A nutritionally balanced salad bowl should consist of a healthy source of protein, carbohydrate, vegetables and fat. This balanced combination will provide you with the sustained energy required to perform throughout the afternoon. By combining the following menu items shown below, you can achieve this objective:

One portion of lean protein: boiled egg or chicken (use leftovers from supper) or canned fish (tuna chunks, mackerel, salmon, tomato pilchards, sardines (oil/water drained)) or low-fat cheese (ricotta/cottage) or sliced lean cold meats (ham/pastrami). (Ideal for their low saturated fat content and the fish for their high omega-3 fatty acid content).


One portion of starch: corn kernels (canned/frozen), brown/wild rice (leftovers) or chickpeas or lentils or all types of beans (canned). (Ideal for their high fibre content, low-glycaemic index).


A variety of vegetables: beetroot, tomatoes, broccoli florets, green beans, gherkins, cabbage, carrots, mange tout, variety of lettuce, cucumber, leftover vegetables e.g. peas, roasted butternut etc. (Ideal for their content of fibre, vitamins, minerals and phyto chemicals).


One portion of fat: “Lite” mayonnaise or avocado pear, olive oil and lemon juice or vinegar or commercial low oil vinaigrette dressing. (Ideal for their high content of mono unsaturated fats). 

In winter, the salad bowl can be swapped for a bowl of chunky vegetable soup. Once again keep it interesting and varied by creating different combos, combining a variety of lean proteins (cut up chicken breast or canned lentils or beans or lean beef and marrow bones) and whole grains (canned corn wild brown rice or barley).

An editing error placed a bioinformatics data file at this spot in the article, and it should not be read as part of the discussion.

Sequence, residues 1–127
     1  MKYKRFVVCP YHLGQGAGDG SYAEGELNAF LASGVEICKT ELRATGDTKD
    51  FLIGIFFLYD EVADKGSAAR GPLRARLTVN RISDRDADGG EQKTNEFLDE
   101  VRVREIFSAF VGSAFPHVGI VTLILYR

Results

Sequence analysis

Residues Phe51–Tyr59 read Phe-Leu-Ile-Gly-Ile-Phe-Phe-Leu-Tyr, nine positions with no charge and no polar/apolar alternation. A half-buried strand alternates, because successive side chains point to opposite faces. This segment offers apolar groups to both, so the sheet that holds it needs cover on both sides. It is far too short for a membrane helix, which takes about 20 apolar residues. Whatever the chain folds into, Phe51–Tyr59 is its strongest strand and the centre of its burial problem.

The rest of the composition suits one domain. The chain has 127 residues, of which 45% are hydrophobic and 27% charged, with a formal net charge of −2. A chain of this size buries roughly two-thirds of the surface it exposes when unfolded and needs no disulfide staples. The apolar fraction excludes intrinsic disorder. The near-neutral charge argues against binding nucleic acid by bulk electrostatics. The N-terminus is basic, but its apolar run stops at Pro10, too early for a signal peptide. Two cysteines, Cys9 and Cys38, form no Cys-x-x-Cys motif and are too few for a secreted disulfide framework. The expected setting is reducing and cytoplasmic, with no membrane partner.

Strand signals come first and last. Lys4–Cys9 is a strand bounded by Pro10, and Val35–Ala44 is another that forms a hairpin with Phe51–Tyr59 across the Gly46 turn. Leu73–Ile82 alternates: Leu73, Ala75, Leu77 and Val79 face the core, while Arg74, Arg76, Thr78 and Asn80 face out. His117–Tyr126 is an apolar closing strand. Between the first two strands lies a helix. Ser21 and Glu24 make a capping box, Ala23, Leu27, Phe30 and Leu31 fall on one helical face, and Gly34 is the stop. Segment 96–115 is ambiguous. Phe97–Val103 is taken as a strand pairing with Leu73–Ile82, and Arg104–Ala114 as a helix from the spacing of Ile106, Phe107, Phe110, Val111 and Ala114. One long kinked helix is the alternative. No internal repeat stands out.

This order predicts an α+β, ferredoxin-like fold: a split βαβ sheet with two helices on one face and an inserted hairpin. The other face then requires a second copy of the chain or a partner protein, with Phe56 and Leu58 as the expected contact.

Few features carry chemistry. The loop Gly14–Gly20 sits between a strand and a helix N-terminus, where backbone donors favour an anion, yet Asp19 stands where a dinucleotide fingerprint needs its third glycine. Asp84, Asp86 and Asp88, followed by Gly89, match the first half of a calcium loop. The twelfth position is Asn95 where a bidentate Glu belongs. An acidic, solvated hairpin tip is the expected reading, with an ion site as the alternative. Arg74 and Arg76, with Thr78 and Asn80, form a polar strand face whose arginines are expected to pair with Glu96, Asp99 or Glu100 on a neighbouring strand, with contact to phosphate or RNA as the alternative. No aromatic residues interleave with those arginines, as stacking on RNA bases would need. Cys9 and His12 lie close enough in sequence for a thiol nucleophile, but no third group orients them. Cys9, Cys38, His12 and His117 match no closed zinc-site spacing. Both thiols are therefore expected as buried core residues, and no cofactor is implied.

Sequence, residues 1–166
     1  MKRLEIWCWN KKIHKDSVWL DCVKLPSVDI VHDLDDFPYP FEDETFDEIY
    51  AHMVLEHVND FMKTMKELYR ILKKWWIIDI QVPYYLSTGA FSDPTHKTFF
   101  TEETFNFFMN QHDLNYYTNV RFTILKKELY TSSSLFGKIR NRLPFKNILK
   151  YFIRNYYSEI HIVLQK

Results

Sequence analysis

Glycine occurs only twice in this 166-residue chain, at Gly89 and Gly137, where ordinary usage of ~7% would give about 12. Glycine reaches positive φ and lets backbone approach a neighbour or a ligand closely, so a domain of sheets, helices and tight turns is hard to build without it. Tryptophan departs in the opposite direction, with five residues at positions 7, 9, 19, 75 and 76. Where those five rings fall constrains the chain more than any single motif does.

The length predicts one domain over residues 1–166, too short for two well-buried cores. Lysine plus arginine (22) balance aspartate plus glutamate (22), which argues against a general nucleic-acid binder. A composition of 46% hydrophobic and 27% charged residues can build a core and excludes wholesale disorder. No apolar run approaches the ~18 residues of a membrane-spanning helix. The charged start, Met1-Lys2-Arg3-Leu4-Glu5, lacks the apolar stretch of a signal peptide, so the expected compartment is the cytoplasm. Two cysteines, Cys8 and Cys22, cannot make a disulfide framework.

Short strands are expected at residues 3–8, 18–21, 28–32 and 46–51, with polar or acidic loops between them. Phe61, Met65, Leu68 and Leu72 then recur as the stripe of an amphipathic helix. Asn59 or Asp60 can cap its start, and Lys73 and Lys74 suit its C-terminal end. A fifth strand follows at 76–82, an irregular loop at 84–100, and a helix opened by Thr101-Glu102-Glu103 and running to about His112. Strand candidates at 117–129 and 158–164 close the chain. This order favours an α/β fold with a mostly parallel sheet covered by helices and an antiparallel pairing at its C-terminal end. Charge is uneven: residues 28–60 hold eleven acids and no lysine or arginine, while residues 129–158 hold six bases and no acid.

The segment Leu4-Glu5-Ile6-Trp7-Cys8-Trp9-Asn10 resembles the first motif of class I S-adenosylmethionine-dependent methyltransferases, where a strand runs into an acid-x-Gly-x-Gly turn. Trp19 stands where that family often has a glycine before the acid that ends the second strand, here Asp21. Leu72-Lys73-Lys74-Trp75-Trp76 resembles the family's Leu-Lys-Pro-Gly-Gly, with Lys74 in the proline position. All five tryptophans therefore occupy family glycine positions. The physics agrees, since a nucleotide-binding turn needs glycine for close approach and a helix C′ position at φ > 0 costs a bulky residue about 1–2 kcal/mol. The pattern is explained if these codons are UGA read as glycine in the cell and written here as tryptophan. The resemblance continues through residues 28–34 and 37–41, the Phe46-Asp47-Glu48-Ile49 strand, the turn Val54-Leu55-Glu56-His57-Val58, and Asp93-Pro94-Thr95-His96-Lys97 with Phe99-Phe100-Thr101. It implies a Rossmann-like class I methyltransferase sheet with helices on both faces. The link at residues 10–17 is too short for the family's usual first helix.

For those of us who love cooking, there is nothing better than cooking a delicious beef barley vegetable soup on the weekend, ready to bring to work during the week. Alternatively, buying a pre -prepared vegetable soup and creating combos at work, easy to mix and to warm in the microwave oven is recommended. Examples are a Lentil corn vegetable soup or Bean brown rice vegetable soup.

Lunch on the road or no kitchen available at the workplace

The lunch box menu shown below will provide you with the necessary carbohydrates, protein, fats, fibre, vitamins and minerals your body requires. Eating a well-balanced lunch box daily will ensure that you achieve optimal blood glucose control throughout the afternoon. In addition, packing your own lunch box is more economical.

A balanced lunch box consists of the following: starch, protein, fruit and a portion of vegetables.

FRUIT Strawberries


Sliced pear Fruit kebabs Sliced pawpaw Orange
STARCH Health bread filled with Wholegrain crackers spread with peanut butter Whole wheat pita bread filled with Pasta tuna salad Durum wheat pasta (penne) mix with Carrot and bran muffin served with